Renton food banks facing steep shortages

Increase in need and a decrease in donations and volunteers create a crisis among aid agencies.

As Thanksgiving approaches, food banks are noticing a frightening trend this year of increasing demand but a decreasing number of donations and volunteers.

The Salvation Army Renton Rotary Food Bank typically has enough turkeys the week before Thanksgiving, however Community Programs Manager Martha Barrett said that their need is surprisingly dire now. They have nearly 600 families listed in need of turkeys. So far, one local church has committed to providing 300 turkeys, but that’s all.

“By this time [last year], we had all the turkeys we needed,” Barrett said.

Last year, Salvation Army provided almost 900 turkeys to families in need

She also said there is an alarming need for volunteers, especially for bell ringers. Salvation Army typically stations bell ringers at 28 grocery stores across Renton, Mercer Island and Issaquah to greet customers and collect donations. Last year, volunteer bell ringers collected $22,000 in donations, however, Barrett is unsure how this year will pan out considering there aren’t enough groups signed up.

“The need has increased, but our volunteers are decreasing,” she said. “Our resources, especially around the holidays, have decreased. So this is a cry out. We need volunteers to step forward.”

St. Vincent de Paul Food Bank and Emergency Feeding Program are also noticing the trend of increased demand and decreased aid.

Emergency Feeding Program has seen a drastic drop in the number of volunteers this year, according to Glenn Turner, executive director.

“Our volunteer participation is down this year,” he said. “We normally have four or five groups coming in each month, but we only have one group coming in this month. We’re being challenged in a number of different ways, but we’re going to do what we can to feed those who need to be fed.”

Though not a food bank, the organization is seeing an increased demand for food as more people are showing up at the door. Seattle and King County councils have approved an increased budget for program for the next biennium according to Turner, but the current lack of volunteers is worrying.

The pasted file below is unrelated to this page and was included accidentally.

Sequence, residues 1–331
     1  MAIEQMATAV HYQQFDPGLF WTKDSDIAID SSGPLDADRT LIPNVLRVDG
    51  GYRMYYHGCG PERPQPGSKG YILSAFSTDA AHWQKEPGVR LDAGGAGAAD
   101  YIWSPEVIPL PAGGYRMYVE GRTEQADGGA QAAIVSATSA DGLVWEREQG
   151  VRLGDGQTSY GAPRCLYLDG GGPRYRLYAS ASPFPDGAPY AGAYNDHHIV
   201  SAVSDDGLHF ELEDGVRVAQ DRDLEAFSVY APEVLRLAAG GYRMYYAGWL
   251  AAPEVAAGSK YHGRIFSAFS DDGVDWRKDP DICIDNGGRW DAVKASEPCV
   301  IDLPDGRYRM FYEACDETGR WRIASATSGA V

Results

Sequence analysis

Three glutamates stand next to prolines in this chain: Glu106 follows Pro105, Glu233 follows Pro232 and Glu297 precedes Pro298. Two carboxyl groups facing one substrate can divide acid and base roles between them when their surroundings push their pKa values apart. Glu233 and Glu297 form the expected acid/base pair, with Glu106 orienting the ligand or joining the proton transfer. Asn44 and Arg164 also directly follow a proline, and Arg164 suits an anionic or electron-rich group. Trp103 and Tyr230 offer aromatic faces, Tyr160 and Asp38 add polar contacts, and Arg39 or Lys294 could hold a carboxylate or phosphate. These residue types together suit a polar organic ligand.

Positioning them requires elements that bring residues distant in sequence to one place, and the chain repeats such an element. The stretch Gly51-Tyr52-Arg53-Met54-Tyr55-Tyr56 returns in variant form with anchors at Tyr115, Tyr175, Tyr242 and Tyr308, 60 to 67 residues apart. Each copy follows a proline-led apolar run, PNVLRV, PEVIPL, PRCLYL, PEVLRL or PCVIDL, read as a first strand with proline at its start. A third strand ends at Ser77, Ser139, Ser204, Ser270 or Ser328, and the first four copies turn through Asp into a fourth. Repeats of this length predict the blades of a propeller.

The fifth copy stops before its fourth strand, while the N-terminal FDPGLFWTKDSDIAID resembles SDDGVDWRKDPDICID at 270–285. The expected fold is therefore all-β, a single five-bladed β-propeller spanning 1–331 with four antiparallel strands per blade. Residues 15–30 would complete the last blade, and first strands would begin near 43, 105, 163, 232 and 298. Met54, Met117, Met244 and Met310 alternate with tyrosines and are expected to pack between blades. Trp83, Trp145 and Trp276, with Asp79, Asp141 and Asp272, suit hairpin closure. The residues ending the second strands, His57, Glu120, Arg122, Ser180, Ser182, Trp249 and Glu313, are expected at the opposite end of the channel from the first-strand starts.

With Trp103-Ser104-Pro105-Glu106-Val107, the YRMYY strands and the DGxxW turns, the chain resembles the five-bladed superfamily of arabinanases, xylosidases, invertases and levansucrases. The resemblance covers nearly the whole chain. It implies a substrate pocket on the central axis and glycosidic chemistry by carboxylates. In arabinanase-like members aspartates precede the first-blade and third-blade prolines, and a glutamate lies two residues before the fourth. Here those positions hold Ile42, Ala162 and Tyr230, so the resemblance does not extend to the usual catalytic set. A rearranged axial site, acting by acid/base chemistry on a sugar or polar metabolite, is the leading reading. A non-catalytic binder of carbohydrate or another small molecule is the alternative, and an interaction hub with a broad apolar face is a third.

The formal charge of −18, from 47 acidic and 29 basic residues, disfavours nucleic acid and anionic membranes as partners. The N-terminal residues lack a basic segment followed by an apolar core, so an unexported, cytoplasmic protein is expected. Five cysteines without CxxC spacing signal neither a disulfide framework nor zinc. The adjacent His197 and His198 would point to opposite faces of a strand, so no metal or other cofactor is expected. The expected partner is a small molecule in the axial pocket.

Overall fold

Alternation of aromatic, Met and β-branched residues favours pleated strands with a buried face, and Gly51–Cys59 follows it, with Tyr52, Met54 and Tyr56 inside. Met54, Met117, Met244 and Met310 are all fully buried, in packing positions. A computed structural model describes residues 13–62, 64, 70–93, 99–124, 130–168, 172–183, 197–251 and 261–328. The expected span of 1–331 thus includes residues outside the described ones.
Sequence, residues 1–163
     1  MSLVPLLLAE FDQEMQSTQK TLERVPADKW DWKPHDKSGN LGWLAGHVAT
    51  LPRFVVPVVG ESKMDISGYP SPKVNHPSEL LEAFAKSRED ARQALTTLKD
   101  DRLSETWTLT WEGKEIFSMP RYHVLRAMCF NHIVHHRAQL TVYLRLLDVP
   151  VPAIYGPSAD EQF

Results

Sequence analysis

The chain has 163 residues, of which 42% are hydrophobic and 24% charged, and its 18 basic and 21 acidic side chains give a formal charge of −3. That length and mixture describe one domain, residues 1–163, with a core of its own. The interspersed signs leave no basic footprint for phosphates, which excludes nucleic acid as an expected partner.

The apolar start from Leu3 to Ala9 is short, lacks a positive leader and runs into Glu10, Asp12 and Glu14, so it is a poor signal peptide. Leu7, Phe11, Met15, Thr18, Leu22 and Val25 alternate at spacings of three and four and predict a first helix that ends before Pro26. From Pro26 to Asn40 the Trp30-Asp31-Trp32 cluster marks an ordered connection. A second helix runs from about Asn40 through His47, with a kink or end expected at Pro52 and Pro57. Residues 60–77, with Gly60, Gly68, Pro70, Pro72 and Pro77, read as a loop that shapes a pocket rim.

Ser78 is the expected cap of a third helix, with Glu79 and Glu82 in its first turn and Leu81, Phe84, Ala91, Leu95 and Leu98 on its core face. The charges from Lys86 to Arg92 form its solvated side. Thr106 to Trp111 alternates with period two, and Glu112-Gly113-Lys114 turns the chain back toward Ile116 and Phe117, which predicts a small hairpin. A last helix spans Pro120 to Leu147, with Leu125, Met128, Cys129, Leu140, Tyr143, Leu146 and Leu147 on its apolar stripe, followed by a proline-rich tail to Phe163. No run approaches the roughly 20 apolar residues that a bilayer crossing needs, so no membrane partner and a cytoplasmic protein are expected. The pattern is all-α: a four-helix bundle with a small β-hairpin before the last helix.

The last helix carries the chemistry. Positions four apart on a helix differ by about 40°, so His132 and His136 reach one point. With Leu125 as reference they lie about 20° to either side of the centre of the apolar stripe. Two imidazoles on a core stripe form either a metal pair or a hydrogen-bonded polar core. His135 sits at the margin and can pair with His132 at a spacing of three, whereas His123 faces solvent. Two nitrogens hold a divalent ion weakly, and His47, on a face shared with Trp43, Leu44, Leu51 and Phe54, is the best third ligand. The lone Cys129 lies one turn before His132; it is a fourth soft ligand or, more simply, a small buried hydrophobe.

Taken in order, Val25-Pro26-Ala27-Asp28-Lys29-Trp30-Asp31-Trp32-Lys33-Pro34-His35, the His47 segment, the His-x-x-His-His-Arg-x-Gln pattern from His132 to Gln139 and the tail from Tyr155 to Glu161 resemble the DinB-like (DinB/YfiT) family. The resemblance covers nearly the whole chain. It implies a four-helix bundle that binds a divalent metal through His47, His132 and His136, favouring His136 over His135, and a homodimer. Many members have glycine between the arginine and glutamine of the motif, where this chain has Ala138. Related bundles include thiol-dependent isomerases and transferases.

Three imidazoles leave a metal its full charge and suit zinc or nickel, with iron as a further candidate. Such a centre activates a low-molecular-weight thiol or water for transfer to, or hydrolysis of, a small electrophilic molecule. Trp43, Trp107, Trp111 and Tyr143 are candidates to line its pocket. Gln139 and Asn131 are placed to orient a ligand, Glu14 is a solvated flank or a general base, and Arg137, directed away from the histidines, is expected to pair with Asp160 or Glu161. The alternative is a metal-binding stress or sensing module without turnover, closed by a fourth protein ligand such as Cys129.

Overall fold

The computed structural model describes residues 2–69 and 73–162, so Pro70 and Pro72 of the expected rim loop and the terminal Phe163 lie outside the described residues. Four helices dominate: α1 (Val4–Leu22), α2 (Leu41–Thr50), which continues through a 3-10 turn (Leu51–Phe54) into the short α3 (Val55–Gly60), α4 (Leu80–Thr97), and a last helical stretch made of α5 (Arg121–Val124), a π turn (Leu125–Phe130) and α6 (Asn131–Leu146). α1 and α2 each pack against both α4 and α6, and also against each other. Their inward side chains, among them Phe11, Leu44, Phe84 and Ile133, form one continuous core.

“This year there’s been so many rent requests,” said Karen Sauve of St. Vincent de Paul. “We don’t pay rent — we don’t have the funds. But we do what we can. It’s getting harder and harder out there. There are jobs but not high-paying jobs by any means. We do what we can.”

St. Vincent de Paul Food Bank, located at St. Anthony Catholic Parish, has started collecting food items for their Christmas Food Baskets.

“We’re doing boxes of dinner and we also give them a Safeway card so they can get a turkey, fresh vegetables and so forth because what we have are non-perishables,” said Sauve.

While it’s difficult to pinpoint why there’s a lack of volunteers this year, Turner suggested that the increased number of homeless persons could be one of the reasons why he’s seeing more demand for food.

This year’s One Night Count revealed twice as many homeless individuals in Renton from 2015, a jump from 79 to 160. About 4,500 individuals were counted in King County.

Barrett said that she’s noticing more families coming to the Salvation Army, while Sauve said she’s seeing more single mothers.

With less than a week until Thanksgiving and not enough resources or aid, Barrett said she still has hope in the Renton community.

“It’s a little stressful I’m confident the community will step up because they always do,” she said. “This is one of the most committed communities I’ve worked with. I’ve worked for salvation army for quite few years in different areas and locations. I have to say that the Renton community… I just put the need out and they respond.”


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